AFDA student and alumni films are once again very much part of the Durban International Film Festival programme. The festival kicked off last night and will run virtually from 22 July-1 August 2021.
Three AFDA Durban 2020 graduation films: “Entanglement”, directed by Clarise Baptist, “The Writings on the Wall”, directed by Mohammed Dalair Khalil and “I’d Like to Report a Suicide”, directed by Guy Vaubell, will be screening at this year’s Isiphethu industry-focused programme. You can catch these films virtually and for free at #Diff2021.
AFDA alumnus Jordy Sank’s film “I am Here” competes in the International Documentary Festival programme. The life-affirming documentary celebrates the remarkable life of Ella Blumenthal. At her 98th birthday celebrations she opens up to close friends and family about her story of survival during the Holocaust, in a way she has never done before.
Her recollections, depicted through dynamic 2D animation, include tales of three concentration camps, and of narrowly escaping death in a gas chamber. Along with uplifting stories, like Ella dissuading her niece from ending her life.
The animation is juxtaposed with present day footage of Ella performing her weekly spiritual rituals, being active in the swimming pool and walking on the promenade in Cape Town. She is not your average grandmother, her vivacious personality and her positive outlook on life is truly inspiring.
A universal message of resilience – as Ella is the epitome of the will to survive. This film could not be more relevant in a world that still defines itself by what is other.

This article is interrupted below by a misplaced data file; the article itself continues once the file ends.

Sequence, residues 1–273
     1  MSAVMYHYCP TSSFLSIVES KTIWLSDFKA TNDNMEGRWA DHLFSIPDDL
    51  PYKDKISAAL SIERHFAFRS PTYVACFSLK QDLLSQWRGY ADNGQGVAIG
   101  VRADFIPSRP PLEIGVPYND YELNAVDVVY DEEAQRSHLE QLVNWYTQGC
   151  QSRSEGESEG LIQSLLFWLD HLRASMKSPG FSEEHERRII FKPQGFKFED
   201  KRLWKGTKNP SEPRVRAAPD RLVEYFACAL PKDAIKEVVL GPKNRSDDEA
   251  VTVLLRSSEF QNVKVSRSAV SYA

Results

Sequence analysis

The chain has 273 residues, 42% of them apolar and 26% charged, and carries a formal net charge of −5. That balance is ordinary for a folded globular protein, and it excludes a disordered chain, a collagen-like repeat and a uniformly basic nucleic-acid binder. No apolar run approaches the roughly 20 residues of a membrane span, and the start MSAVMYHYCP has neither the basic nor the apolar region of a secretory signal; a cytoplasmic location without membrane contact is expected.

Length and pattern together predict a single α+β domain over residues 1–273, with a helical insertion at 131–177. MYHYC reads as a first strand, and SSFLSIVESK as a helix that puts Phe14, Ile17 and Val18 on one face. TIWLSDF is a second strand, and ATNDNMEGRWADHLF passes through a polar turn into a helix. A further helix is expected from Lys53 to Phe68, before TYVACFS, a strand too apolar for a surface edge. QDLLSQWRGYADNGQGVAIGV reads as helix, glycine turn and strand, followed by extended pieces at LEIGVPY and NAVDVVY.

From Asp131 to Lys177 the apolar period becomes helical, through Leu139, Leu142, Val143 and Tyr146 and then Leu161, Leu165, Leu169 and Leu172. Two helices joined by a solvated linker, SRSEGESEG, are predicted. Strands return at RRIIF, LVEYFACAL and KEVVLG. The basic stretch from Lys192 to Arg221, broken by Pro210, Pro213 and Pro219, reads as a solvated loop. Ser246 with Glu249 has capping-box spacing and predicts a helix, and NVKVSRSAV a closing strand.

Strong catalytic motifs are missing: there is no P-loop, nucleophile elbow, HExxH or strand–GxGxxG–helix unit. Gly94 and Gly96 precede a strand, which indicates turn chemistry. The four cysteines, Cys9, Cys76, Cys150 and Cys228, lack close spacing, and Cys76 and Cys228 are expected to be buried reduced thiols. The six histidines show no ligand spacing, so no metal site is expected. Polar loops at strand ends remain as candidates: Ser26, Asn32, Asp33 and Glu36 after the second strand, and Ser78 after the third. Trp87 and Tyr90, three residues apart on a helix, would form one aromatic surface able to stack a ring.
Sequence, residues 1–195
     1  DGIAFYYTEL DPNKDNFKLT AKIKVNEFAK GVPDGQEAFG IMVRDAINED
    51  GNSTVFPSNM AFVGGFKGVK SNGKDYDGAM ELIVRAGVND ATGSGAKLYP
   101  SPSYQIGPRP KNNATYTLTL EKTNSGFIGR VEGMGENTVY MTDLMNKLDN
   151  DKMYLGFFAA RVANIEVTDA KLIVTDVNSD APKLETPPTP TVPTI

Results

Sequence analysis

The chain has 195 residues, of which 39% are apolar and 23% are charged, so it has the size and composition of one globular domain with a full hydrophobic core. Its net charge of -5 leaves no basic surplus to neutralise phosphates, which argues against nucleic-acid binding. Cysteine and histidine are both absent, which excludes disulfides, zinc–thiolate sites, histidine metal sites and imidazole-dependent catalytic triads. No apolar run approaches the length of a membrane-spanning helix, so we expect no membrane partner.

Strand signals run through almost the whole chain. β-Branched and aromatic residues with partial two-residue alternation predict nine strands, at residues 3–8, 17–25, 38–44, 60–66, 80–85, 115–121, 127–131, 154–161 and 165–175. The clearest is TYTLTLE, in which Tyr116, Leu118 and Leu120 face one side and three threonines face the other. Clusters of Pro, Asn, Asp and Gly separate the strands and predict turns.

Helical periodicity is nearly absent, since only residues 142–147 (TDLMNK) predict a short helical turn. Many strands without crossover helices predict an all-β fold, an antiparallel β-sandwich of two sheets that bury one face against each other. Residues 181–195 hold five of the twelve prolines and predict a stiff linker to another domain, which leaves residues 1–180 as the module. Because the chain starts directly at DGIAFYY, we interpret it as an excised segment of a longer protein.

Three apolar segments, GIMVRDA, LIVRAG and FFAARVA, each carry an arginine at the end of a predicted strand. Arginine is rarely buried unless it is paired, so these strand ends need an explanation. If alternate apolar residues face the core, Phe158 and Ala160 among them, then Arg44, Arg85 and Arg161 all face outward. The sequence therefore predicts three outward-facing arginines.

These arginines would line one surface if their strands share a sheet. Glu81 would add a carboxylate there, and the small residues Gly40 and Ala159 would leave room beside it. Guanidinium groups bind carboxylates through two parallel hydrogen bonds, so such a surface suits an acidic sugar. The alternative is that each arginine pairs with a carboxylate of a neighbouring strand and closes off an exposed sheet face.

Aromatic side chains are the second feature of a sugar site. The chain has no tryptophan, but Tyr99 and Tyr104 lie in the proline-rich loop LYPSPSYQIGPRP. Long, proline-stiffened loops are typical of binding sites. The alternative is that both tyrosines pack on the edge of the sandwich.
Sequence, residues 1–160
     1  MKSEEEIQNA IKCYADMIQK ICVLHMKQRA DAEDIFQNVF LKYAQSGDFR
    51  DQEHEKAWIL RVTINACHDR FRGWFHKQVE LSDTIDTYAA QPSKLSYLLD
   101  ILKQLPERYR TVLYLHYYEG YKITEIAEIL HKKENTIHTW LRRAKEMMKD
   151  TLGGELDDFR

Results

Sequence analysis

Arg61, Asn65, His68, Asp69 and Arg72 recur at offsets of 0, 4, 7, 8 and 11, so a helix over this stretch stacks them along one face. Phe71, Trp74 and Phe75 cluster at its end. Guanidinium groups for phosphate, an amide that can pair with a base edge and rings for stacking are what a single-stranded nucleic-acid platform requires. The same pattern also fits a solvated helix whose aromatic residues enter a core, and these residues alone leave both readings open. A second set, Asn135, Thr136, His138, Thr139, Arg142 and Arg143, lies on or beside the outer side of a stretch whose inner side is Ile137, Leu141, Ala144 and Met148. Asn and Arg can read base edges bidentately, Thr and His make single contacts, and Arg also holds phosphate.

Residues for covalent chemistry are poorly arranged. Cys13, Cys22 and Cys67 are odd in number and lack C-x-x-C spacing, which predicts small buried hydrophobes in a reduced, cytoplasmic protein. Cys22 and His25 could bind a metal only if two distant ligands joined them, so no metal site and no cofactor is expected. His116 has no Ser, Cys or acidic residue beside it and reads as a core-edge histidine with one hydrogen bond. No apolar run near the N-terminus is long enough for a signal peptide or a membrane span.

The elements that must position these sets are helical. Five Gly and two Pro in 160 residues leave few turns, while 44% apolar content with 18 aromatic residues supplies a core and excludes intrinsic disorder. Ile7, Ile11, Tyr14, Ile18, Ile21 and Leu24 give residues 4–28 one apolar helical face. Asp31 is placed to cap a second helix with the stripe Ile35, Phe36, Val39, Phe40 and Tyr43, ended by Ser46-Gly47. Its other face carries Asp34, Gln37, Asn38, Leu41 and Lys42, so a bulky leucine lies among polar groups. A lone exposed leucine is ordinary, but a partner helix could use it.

The short drama film “Heaven Reaches Down to Earth”, directed by AFDA alumnus Teboga Maleboga competes in the short film category. Teboga explains that the film “is at a crossroads of emerging stories: queerness in Africa, traditional expectations of men within those African cultures, and the isolation that many of us find ourselves currently dealing with.”
AFDA alumna honours graduate Minenehle Luthuli’s captivating short film ‘Heart Attack” also competes in the short film category. The film follows an orphaned and accomplished cardiologist, who is challenged when she has finds out she has to operate on a man that killed her mother.
The mission of DIFF is to develop and deliver a sustainable world-class film festival, which engages stakeholders and achieves critical acclaim by presenting a unique program that inspires, challenges and entertains an increasingly broad and diverse audience. The festival aims to offer a platform for content that is unavailable through mainstream cinema to both local and international audiences.
Presented by the Centre for Creative Arts at the University of Kwazulu-Natal, DIFF is widely regarded as one of the leading film festivals on the African continent and a vital event on the international film calendar. DIFF has three principal strands: the seminar and workshop component to stimulate industry development and a community outreach programme to service marginalised audiences, and the celebration of cinema through the exhibition of films.